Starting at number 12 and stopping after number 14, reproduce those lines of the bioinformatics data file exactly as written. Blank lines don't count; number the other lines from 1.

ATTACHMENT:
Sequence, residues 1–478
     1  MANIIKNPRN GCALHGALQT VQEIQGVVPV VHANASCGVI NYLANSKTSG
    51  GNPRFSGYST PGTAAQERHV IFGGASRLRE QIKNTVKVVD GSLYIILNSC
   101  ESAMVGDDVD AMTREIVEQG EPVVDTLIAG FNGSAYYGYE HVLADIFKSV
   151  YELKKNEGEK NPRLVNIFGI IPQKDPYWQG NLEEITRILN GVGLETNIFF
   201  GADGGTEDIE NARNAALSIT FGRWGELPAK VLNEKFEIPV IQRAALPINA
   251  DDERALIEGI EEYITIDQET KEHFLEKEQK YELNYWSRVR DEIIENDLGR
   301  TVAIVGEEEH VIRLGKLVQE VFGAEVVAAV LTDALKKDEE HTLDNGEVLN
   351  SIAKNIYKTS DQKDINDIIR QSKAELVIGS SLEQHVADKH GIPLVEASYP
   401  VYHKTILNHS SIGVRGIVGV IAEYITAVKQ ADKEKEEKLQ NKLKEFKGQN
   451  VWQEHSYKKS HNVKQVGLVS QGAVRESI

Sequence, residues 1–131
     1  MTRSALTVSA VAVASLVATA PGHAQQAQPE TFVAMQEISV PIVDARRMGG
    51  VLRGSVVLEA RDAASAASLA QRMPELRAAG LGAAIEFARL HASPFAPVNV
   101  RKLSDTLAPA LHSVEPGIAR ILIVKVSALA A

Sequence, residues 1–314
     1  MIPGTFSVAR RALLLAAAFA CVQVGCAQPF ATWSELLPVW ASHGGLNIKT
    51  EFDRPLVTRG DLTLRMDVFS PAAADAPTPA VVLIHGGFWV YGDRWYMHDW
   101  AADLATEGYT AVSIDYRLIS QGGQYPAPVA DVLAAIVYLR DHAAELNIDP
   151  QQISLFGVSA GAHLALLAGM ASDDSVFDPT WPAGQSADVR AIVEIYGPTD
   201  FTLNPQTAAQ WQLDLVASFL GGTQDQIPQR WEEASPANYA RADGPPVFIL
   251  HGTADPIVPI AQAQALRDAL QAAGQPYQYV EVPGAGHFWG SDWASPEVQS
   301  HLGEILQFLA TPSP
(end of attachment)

Sequence, residues 1–131
     1  MTRSALTVSA VAVASLVATA PGHAQQAQPE TFVAMQEISV PIVDARRMGG
    51  VLRGSVVLEA RDAASAASLA QRMPELRAAG LGAAIEFARL HASPFAPVNV